The Secretary of State for Health and Social Care, Matt Hancock has launched We are the NHS: People Plan for 2020/21. The College of Paramedics welcomes the publication which we believe is long overdue and has now created a renewed urgency and need following six-months of the emergency response to Covid-19.
Looking after our people, belonging in the NHS, and tackling discrimination are all hugely important elements of the Plan. The environment in which they work means that paramedics are often vulnerable and exposed to high levels of risk, a point emphasised during Covid-19 when they drew the analogy of the `canary in the coalmine’, never knowing the underlying condition of patients they were called upon to attend. Paramedic and other ambulance staff were amongst the healthcare casualties of the pandemic. Their lives were dedicated to serving their communities and the value and trust in the paramedic profession by the public has clearly increased. We sincerely hope that the commitments in the People Plan are fully carried through and that all people working in the NHS will continue to feel protected and valued in the future.
The paramedic profession has experienced many challenges over the last decade and has adapted to address growing and changing demand. New ways of working and delivering care, making effective use of the full range of assessment skills and clinical experience, and growing for the future will all be crucial to how the paramedic profession continues to adapt and innovate in these most difficult of times we all find ourselves in.
We welcome the commitments to increasing the wider NHS workforce but also hope that the severe shortages of frontline paramedics will receive special attention both in terms of recruitment and especially retention. Paramedics are now a highly sought-after commodity in numerous health settings which means the crucial issues needs to be looked at beyond the ambulance services which had been the traditional place of employment. Paramedics are not just a mobile emergency workforce; they are the clinical bridge to help the NHS “gain and hold” serious middle ground in the challenge to support the ever-increasing health care needs of communities across the UK.
We believe that it is a positive step, that from January of next year, all NHS posts will be advertised as being available for flexible working patterns. This will be a significant support to the paramedic workforce, many of whom are currently juggling work, family, and study commitments with limited financial support. There are an increasing number of people in society with acute health conditions who will need the skills of a paramedic to identify, manage and prevent complications and support definitive pathways of care.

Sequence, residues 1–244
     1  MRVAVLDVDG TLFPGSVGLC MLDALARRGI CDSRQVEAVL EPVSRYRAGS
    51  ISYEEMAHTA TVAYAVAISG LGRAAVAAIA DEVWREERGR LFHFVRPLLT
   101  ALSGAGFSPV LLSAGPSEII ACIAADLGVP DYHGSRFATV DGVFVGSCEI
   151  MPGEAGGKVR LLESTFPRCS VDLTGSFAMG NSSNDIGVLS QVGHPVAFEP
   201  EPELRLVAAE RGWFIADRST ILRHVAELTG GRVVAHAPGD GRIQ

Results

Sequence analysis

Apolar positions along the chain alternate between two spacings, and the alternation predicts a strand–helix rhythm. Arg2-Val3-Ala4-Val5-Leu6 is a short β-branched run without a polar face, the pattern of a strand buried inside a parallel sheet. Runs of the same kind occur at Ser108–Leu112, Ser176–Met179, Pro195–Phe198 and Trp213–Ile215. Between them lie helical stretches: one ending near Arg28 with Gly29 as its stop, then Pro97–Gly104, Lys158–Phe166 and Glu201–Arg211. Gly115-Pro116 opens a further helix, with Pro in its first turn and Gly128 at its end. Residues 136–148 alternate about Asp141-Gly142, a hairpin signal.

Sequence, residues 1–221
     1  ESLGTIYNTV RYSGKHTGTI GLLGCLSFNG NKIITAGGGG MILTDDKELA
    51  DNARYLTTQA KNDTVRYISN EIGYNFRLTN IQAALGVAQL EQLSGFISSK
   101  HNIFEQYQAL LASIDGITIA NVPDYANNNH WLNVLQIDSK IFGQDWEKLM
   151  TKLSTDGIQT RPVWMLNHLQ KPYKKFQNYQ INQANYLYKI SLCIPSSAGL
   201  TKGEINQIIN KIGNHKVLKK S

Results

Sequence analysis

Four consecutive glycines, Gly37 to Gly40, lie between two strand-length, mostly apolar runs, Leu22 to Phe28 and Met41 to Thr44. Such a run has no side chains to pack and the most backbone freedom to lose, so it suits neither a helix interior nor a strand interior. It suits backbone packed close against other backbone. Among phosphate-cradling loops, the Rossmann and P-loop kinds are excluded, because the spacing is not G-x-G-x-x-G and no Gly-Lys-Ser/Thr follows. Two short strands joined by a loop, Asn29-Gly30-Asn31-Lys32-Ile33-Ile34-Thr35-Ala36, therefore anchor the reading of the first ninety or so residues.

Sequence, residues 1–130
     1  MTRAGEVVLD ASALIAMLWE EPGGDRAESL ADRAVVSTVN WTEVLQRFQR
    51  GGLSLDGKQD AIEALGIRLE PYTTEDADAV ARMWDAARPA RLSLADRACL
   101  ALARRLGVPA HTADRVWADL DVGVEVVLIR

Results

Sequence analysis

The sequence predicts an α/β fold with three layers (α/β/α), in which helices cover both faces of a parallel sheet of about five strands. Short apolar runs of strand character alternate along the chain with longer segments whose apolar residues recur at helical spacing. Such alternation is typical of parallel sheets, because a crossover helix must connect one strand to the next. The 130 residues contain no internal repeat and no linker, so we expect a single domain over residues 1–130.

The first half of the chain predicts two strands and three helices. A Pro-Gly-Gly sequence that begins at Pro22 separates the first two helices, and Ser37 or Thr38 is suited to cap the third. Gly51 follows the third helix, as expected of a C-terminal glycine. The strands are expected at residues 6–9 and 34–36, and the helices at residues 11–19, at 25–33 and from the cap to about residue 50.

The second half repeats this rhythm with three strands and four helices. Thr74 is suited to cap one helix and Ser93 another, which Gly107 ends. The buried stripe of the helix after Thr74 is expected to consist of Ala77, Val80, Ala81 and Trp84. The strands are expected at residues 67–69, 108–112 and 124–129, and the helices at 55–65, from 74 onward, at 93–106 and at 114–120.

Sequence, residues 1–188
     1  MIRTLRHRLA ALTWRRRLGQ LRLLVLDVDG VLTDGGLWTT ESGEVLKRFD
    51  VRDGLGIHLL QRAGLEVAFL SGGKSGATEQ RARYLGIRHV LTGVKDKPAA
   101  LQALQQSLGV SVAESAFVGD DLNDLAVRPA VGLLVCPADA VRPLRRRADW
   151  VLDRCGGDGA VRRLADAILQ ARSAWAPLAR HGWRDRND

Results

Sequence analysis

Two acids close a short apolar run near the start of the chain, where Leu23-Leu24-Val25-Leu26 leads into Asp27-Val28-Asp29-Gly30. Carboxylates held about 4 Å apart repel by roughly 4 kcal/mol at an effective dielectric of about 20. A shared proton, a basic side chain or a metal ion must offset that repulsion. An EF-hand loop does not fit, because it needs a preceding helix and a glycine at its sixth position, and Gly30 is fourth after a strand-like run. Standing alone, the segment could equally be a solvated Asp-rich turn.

Therefore, it is extremely important that there is equity of financial investment in the paramedic workforce throughout England’s health and social care system. It is time that paramedics received the same equity of financial support offered to other AHPs and nurses. To ensure this, the commitments in the Plan need to be backed up with the reintroduction of full bursaries to cover undergraduate studies and associated costs. The cost of a bursary could be reimbursed by ensuring that graduates work in the NHS for a minimum of two years post-graduation, as is the case in Wales.
The general commitments made in the Plan will help paramedic recruitment and retention provided they translate into: inclusion in a supportive bursary scheme, something which paramedic students have never enjoyed; an expansion of clinical placements, both in the ambulance services and especially beyond, including midwifery, social care and mental health; and; flexible working, with a changed approach needed in the NHS ambulance sector. Importantly, supporting the ongoing stressors and the mental health and wellbeing of those working in emergency and urgent care will play a large part in retaining paramedics.
The College of Paramedics welcomes the Plan’s commitment to Equality, Diversity, and Inclusion (EDI) and the opportunity to support and influence greater representation of BAME colleagues within the paramedic profession and throughout the NHS. There now needs to be thoughtful and careful consideration of the ongoing pressures that will be faced by the paramedic profession and their colleagues throughout the NHS as competing aspects of Covid-19 and reformed emergency care take shape. Paramedics and others in the NHS are hugely committed to providing the best services possible to patients and their families. The importance of them feeling valued and cared for cannot be overstated and that means that the NHS needs to be a better place to work, with improved conditions, regard for their safety and wellbeing, and properly remunerated.
Our final comment is straightforward. The People Plan needs to be followed up quickly by details on how it will be funded and by when.